And as I proceed in answering your question, please feel free to ask me anything I might not have made clear by posting your question in the comments.

I understand where the attorney was coming from about the private student loans but depending on who the lender was and what the loan was used for, it would be hard to just dismiss there are not options. See this and this.

The bigger issue with dealing with the elimination of private student loans is not that there are no avenues worth exploring but that those who owe a lot are often the least able to afford easy justice.

For example, arbitration has been effective in dealing with the reduction or elimination of some student loans.

Sadly the cosigner is a risk. You’ll have to contact the private lender sh is on and inquire if they have a cosigner release process your loan would qualify for. The Consumer Financial Protection Bureau found that most cosigner release options really don’t exist. See 90 Percent of Private Student Loan Borrowers Who Applied for Co-Signer Release Were Rejected. But just because it might not be easy to get the release, that does not mean it is impossible.

As long as your dear sister is on the loan as a cosigner, she is 100 percent responsible for the loan should you default on it. My rule on cosigners is to never do it if anyone asks you to.

So what I think you have here is a bit of a hybrid situation where there may be some payment reduction opportunities with your federal student loan but that more needs to be done on the private student loans.

On the more drastic side of what to do about your private student loans, read Top 10 Reasons You Should Stop Paying Your Unaffordable Private Student Loan. There is some validity to strategic default on private student loans which are not cosigned.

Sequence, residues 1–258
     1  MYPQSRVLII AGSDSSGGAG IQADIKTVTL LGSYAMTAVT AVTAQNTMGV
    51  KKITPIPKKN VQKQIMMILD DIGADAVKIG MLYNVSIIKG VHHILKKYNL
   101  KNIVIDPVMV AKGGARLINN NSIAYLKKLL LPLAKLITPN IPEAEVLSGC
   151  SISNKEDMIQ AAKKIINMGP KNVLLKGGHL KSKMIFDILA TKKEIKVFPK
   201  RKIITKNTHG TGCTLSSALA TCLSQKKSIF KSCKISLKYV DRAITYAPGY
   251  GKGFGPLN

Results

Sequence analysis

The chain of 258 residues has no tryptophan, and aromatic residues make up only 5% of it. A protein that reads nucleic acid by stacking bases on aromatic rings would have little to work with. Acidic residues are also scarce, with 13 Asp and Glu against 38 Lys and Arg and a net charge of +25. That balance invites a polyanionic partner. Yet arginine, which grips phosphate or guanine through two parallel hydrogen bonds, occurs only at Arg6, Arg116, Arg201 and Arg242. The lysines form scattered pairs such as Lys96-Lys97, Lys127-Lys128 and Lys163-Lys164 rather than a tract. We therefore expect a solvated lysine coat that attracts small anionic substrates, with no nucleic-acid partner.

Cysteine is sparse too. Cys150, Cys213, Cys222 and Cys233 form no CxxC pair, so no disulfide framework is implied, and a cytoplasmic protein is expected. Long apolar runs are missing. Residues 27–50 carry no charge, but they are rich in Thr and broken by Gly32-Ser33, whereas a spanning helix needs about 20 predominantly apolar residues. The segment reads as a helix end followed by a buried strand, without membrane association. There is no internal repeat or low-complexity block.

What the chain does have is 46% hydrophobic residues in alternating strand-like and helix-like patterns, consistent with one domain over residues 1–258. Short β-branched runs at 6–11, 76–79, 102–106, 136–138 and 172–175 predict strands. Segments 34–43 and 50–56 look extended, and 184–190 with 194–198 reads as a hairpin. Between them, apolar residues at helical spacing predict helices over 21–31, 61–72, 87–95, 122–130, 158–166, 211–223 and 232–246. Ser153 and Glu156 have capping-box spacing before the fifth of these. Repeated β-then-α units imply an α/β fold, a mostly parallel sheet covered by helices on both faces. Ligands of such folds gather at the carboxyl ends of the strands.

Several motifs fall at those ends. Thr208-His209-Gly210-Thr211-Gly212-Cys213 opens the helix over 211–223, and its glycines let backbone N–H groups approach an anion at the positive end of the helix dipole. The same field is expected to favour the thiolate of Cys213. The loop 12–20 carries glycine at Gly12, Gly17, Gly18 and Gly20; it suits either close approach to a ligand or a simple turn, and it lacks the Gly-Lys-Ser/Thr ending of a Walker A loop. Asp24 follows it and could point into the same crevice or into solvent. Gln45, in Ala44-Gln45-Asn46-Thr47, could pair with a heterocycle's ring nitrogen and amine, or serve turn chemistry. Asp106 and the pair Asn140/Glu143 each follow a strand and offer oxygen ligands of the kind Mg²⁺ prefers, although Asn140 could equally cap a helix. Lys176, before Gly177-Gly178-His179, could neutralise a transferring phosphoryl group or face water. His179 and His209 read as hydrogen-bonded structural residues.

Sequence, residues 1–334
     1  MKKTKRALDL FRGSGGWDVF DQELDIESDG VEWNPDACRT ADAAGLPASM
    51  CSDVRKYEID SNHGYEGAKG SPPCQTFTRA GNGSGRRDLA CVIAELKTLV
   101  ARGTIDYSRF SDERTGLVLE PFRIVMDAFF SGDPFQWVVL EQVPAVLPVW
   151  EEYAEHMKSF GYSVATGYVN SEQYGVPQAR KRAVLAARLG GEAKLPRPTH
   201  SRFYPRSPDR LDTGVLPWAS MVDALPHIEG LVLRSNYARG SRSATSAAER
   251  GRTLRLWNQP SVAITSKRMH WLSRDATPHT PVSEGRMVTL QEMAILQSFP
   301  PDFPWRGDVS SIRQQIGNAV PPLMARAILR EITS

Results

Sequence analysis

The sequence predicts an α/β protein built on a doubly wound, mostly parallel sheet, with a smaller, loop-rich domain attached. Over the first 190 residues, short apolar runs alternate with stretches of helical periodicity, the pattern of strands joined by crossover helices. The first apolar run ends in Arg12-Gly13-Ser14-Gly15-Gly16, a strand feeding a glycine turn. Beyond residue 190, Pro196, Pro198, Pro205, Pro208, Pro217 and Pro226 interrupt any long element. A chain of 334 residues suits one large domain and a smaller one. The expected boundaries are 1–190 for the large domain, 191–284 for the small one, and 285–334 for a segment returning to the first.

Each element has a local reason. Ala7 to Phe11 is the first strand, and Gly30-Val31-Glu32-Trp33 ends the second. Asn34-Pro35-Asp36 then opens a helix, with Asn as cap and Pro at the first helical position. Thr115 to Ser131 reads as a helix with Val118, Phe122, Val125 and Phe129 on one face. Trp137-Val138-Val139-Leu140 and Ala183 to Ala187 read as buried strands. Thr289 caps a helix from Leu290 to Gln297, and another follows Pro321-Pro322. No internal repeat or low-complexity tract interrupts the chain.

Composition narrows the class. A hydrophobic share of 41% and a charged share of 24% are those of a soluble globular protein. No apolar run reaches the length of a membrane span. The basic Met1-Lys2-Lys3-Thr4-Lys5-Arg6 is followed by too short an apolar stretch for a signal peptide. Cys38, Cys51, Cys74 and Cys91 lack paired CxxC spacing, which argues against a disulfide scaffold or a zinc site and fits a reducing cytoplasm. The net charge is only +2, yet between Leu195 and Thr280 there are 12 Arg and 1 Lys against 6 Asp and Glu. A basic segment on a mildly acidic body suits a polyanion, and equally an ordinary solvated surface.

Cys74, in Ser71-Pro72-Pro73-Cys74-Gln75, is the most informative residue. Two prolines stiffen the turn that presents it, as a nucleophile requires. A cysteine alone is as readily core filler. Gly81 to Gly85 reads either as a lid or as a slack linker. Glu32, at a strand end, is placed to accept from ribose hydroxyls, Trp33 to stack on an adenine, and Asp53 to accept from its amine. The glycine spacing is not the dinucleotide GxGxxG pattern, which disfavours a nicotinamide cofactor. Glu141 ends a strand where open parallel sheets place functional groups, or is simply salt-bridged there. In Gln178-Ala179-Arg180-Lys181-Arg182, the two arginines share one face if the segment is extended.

But that is a strategy that is best executed once you feel your mental health is back to a healthy point and in conjunction to having an expert hold your hand through the process.

If you feel the least bit depressed or hopeless and embark on a default strategy, you will be an easy target for the collectors to emotionally manipulate you and without someone who is experienced in this process, you won’t know a good offer from a bad one.

If you do decide to pursue the strategic default strategy and you live in California, you might want to contact the Law Office Fitzgerald & Campbell or you could contact my friend Damon Day for more hand holding.

If my gut is right and you are feeling a bit blue and depressed, you would be less likely to be up for this fight without someone to shore you up. That’s why I circle back around to repair your foundation and then let’s tackle this.

Does that strategy seems to make sense from your point of view?

Steve Rhode
Get Out of Debt GuyTwitter, G+, Facebook

If you have a credit or debt question you’d like to ask, just click here and ask away.

This article by Steve Rhode first appeared on Get Out of Debt Guy and was distributed by the Personal Finance Syndication Network.

Advertisements
Standard